The incarceration rate of AAPIs has skyrocketed since the 1990s, and certain AAPI groups are deported at disproportionately high rates because of criminal convictions. Often overlooked in the immigration and criminal justice debates, the convening highlighted the experiences and stories of AAPI immigrants and refugees whose contact with the criminal justice system makes them automatically deportable, even if they are lawful permanent residents.
During the convening, prisoners with pending ICE holds at Monroe Correctional Complex in Washington talked about their fears of being deported upon completion of their sentences. For those who are not deported right away, the lack of access to critical re-entry services and the lengthy and expensive process to get authorization to work in the US creates additional hardships. "Southeast Asian American communities are three to four times more likely to be deported for old convictions, compared to other immigrant communities," stated Naroen Chhin, co-director of 1Love Movement. "For our families, it feels like a life sentence, even after serving time." The majority of Southeast Asian Americans with deportation orders remain in the US for months or years awaiting deportation.
Participants at the convening also had the opportunity to talk over Skype with US deportees living in Cambodia. Almost 700 Cambodian American deportees are living in Cambodia, the majority of whom were refugees and lawful permanent residents in the US. Some do not speak the language and many have no family or support system in the country. Chhin continued, "Many of these individuals were convicted as juveniles and grew up incarcerated. Now, they are living a life sentence of physical isolation and family separation."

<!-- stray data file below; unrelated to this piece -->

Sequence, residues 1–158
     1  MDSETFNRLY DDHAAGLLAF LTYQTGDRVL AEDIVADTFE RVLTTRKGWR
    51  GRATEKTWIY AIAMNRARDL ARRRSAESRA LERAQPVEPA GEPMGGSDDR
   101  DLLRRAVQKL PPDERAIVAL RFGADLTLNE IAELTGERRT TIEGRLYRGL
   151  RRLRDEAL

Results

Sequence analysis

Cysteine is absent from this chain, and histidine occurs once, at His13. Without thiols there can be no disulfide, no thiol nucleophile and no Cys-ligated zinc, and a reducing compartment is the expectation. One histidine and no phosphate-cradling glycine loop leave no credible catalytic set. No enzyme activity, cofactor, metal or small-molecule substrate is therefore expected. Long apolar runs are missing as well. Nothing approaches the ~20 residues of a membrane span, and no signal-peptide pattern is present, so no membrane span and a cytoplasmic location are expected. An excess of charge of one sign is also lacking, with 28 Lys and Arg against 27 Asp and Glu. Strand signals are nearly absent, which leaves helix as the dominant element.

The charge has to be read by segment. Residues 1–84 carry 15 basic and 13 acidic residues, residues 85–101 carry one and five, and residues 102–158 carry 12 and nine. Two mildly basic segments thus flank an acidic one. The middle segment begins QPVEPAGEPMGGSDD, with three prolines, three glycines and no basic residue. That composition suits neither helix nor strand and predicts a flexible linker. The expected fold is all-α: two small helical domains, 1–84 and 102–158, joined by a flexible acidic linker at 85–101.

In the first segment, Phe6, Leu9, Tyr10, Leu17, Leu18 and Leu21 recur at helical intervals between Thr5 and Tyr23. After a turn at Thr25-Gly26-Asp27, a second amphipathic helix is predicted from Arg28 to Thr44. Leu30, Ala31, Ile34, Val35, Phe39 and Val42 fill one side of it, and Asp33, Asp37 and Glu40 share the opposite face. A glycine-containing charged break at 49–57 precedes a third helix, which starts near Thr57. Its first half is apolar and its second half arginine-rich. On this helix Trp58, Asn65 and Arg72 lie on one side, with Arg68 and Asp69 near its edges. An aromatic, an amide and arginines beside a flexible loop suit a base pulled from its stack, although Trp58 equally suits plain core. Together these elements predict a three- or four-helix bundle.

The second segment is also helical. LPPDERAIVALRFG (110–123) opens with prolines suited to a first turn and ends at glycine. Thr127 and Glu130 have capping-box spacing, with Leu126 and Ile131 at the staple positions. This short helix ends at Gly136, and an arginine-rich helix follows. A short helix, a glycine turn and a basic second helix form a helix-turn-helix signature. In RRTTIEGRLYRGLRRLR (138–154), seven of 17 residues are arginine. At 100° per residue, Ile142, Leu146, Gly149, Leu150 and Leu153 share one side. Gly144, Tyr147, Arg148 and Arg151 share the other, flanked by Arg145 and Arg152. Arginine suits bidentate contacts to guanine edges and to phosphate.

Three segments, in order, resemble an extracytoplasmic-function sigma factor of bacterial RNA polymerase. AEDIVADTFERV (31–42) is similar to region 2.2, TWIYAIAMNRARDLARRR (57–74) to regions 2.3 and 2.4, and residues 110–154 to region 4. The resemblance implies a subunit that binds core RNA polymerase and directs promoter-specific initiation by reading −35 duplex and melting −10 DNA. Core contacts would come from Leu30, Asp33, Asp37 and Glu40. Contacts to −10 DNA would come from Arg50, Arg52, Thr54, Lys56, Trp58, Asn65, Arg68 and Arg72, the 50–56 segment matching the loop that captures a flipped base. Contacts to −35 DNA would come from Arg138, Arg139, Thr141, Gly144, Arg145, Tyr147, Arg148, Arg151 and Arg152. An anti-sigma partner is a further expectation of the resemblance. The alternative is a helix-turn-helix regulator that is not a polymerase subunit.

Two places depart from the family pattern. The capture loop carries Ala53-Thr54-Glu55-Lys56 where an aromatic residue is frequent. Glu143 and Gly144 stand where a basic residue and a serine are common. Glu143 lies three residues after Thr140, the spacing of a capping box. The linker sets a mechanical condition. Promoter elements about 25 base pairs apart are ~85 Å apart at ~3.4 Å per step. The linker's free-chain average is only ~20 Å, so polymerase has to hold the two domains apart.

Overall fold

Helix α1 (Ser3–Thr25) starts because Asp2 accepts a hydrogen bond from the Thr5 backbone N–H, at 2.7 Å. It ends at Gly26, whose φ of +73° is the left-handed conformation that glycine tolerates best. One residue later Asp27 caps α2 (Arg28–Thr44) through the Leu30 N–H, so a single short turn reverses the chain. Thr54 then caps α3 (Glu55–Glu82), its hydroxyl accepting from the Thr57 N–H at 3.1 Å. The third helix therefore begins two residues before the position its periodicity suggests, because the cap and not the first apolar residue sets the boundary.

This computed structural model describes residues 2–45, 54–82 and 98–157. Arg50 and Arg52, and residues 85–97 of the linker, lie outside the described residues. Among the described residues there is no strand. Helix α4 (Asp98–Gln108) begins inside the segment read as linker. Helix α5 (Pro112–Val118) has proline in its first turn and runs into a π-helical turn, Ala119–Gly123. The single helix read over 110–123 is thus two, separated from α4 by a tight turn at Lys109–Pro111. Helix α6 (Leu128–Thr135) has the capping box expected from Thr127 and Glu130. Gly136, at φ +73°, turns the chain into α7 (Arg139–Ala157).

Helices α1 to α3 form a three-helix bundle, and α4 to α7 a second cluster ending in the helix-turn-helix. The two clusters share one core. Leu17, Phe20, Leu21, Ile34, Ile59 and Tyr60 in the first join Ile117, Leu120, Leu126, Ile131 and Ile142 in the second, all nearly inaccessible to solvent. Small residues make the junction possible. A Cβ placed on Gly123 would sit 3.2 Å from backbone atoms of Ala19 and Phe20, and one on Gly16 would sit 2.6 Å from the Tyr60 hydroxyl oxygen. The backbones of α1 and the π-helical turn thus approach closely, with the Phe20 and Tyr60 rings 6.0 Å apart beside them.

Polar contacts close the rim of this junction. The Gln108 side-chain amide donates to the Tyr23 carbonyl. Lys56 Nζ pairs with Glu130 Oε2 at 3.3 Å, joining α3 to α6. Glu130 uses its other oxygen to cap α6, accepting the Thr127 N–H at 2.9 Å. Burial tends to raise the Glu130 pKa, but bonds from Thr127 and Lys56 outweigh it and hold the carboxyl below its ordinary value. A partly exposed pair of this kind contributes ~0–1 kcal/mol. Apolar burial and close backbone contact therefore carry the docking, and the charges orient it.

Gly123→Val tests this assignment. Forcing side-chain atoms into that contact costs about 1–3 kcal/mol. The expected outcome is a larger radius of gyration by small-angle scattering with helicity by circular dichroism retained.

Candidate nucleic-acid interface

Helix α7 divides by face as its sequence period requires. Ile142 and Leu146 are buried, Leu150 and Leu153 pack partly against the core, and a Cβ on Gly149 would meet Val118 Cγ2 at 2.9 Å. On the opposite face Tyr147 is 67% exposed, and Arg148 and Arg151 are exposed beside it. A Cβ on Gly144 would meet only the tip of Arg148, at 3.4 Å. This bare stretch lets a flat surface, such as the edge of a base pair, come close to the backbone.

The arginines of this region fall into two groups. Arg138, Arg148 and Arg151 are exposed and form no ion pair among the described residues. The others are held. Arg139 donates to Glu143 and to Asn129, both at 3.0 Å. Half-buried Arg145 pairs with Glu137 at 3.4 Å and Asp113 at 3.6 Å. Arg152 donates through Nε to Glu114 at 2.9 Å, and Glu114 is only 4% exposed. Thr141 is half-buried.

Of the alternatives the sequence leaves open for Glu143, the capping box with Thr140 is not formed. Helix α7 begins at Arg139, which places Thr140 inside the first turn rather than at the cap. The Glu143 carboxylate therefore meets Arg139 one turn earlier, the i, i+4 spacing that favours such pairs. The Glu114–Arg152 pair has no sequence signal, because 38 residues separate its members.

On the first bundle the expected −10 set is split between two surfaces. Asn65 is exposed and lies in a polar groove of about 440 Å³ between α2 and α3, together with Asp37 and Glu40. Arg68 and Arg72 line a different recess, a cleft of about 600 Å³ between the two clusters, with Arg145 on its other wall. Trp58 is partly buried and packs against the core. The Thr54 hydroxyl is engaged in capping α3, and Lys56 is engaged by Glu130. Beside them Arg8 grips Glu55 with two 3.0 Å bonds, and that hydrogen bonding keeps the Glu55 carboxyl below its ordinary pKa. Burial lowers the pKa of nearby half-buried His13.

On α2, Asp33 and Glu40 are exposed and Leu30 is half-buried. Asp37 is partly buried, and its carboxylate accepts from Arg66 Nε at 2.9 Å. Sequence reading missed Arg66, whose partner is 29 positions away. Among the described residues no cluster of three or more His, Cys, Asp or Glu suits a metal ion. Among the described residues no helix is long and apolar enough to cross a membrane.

"Formerly incarcerated immigrants and refugees pay a particularly high cost in our criminal justice system due to laws that automatically funnel them into the deportation pipeline," said Quyen Dinh, executive director of the Southeast Asia Resource Action Center (SEARAC). "Many Southeast Asian Americans have transformed their lives and enriched their communities, yet are offered no path to a second chance."
AAPI youth growing up in poverty are subject to the same school-to-prison pipeline that has fueled mass incarceration for all communities of color. In California, Samoans, Cambodians, and Laotians have disproportionately high rates of arrest and incarceration.  These juveniles are more likely to be tried as adults compared to their white counterparts.  Gregory Cendana, executive director of the Asian Pacific American Labor Alliance, AFL-CIO (APALA), stated, "In order to disrupt the school-to-prison-to-deportation pipeline, we need to not only engage allies and the broader labor movement but also prioritize the stories, dignity, and humanity of all formerly and currently incarcerated individuals."
The "AAPIs Beyond Bars & Beyond Borders" convening continues the dialogue that was started last year at the "AAPIs Behind Bars: Exposing the School-to-Prison-to-Deportation Pipeline" convening at San Quentin State prison in California, which focused on education and information sharing by advocates, formerly incarcerated, and currently incarcerated AAPIs. This year's gathering in Seattle focused on creating actionable next steps driven by grassroots organizing and supported by national advocacy.
Zheng added, "If we focus on identifying our collective struggles and embracing our differences, then we can make systemic change."
The convening will conclude with a community rally entitled "Stand Together 4 Love" at the Tacoma Northwest Detention Center, where participants will join other local immigrant rights advocates to demand an end to deportation and family separation.
1. Males, M., and Macallair, D. The color of justice. Washington, DC: Building Blocks For Youth, 2000.
2. API Youth Violence Prevention Center (2007). Under the Microscope: Asian and Pacific Islander Youth in Oakland - Needs, Issues, Solutions. Oakland: National Center for Crime & Delinquency.
Chanravy Proeung, 1Love Movement
Marian Manapsal, Asian Pacific American Labor Alliance (APALA)
Ben Wang, Asian Prisoner Support Committee
Katrina Dizon Mariategue, Southeast Asia Resource Action Center (SEARAC)